James M. Smith (middle name unknown), a veteran of the battle of San Jacinto, was born about 1798 in North Carolina. The names of his parents are not known. Smith, a farmer and stockraiser by occupation, married Sarah M. (maiden name unknown) ca. 1819. Nine children were born to this marriage: Jesse Richard, John Carroll, Margaret Angeline, Emily Ann, William L., James M., Jr., Sarah Ann, Mary L. and Benjamin Franklin Smith. Sarah M. Smith died on March 10, 1856, in Bexar County. James married the widow Mrs. Lucinda Griswold on June 19, 1859, in Bexar County. One child, Charles W. Smith, was born to this union.
Smith lived in Pickens County, Alabama, from about 1820 until December 1835 when he emigrated to Texas and settled in Montgomery County (that part which became Walker County in 1846). On February 13, 1836, he enlisted as a private in Company B, commanded by Second Lt. Dugald McFarlane, First Regiment Artillery, Texas Army, commanded by Col. James C. Neill. By October 31, 1836, Smith had been promoted to sergeant. James M. Smith (not to be confused with James Monroe Smith, another San Jacinto veteran) received Donation Warrant #492 on August 3, 1838, for having participated in the battle of San Jacinto on April 21, 1836, and was issued Letter Patent #347 dated January 19, 1852, from Texas Gov. Peter H. Bell, for 640 acres of land located in Robertson District, Leon County. On March 16, 1838, James received his first class headright certificates for a league and a labor of land by the Montgomery County land commissioners. The league was surveyed on August 22, 1838, in Robertson District, Navarro County; the Letter Patent #236 for that land was issued on November 5, 1845, by Anson Jones, President of the Republic of Texas.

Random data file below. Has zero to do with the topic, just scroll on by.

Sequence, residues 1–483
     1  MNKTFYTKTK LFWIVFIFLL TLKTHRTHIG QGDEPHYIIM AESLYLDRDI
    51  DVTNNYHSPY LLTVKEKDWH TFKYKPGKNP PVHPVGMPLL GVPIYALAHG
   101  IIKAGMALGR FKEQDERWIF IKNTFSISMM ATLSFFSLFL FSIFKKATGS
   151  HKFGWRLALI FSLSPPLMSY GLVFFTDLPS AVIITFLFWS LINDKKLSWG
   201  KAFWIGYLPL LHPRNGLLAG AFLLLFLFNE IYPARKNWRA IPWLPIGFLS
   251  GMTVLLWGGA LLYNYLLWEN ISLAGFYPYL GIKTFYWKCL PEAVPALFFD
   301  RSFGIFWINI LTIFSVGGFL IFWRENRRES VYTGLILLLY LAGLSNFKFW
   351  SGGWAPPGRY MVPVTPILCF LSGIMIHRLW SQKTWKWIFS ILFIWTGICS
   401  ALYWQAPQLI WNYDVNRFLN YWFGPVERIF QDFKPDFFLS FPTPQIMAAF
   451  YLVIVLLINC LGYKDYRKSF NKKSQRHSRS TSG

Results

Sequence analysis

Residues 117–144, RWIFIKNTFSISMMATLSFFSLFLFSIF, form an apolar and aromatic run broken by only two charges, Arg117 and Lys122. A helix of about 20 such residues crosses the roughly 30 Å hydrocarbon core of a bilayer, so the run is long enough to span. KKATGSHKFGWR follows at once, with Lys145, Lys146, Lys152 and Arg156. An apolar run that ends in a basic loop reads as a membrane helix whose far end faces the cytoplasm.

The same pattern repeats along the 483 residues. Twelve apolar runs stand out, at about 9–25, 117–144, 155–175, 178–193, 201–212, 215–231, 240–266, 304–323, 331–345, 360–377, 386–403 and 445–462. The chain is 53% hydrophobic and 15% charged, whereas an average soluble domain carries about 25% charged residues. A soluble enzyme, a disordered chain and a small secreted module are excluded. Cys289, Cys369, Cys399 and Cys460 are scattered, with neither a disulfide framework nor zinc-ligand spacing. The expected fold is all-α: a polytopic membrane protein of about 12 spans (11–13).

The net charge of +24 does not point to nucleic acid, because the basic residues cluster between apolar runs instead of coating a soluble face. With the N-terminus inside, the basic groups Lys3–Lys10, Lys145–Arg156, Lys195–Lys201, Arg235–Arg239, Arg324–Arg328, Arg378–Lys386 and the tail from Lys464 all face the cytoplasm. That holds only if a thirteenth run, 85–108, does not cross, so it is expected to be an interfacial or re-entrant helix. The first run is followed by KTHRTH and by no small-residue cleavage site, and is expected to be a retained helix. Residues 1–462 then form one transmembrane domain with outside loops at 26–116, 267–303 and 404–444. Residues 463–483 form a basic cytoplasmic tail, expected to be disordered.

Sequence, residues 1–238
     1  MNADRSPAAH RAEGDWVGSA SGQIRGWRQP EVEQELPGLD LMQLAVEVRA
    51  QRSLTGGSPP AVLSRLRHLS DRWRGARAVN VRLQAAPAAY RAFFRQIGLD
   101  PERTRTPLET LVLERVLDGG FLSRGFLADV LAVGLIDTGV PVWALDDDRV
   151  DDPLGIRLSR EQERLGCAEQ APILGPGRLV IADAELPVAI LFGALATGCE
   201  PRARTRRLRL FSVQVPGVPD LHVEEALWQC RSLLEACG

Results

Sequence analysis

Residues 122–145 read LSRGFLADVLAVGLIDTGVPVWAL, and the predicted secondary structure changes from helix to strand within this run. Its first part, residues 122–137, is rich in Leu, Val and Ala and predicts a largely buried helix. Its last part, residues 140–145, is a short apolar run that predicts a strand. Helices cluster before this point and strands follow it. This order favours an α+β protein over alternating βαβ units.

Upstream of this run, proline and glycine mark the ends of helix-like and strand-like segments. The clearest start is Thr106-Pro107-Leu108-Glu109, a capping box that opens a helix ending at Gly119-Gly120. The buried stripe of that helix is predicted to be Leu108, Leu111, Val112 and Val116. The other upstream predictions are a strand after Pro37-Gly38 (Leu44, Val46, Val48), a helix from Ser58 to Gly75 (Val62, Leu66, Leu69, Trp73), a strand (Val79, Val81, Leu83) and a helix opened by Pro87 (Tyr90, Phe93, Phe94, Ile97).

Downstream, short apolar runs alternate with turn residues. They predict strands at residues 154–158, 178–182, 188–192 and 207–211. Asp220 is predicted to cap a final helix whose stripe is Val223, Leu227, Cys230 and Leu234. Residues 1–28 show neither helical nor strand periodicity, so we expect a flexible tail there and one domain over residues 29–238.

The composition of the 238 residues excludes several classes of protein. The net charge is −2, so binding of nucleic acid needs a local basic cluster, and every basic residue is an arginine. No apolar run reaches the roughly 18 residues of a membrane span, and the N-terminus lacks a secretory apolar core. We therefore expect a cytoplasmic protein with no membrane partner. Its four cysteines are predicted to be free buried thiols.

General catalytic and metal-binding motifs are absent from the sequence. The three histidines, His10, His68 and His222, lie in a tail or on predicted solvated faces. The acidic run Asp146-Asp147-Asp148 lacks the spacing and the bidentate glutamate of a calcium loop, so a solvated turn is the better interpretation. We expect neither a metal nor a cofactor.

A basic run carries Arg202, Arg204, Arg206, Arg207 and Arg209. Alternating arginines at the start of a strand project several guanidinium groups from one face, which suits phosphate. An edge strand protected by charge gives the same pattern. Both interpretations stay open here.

James M. Smith located his labor of 177 acres, surveyed on June 12, 1838, along the north boundary of the John Sadler league where Smith farmed until 1848 at New Waverly, Montgomery/Walker County. From 1848 to 1853, he lived near Earlywine, Washington County, Texas. From 1853 to 1866, Smith lived near LaCoste and settled on the Medina River about sixteen miles west of San Antonio in Bexar County. In 1866 he moved near Belton in Bell County, where he died in 1873. His burial site remains undiscovered. Family tradition names two brothers and a sister to James: William Berry “Camelback” Smith, Joel N. Smith, and Sarah (Smith) (Mrs. William T.) Crawford. William Berry Smith was also a veteran of the Texas Revolution, and a Texas State Monument was placed at his grave site in Bosque County, Texas.
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Alvy Ray Smith, The Jesse Richard Smith Family of Texas and New Mexico and the Associated Families of Elijah P. Gorman and John Malone Harrison, 1774–2009 (Seattle: ARSLONGA, 2010) (http://www.alvyray.com/Family/default.htm), accessed December 7, 2010.
The following, adapted from the Chicago Manual of Style, 15th edition, is the preferred citation for this entry.
Kenneth R. Whitley,
“Smith, James M.,”
Handbook of Texas Online,
accessed July 01, 2022,
Published by the Texas State Historical Association.
Original Publication Date:
December 14, 2010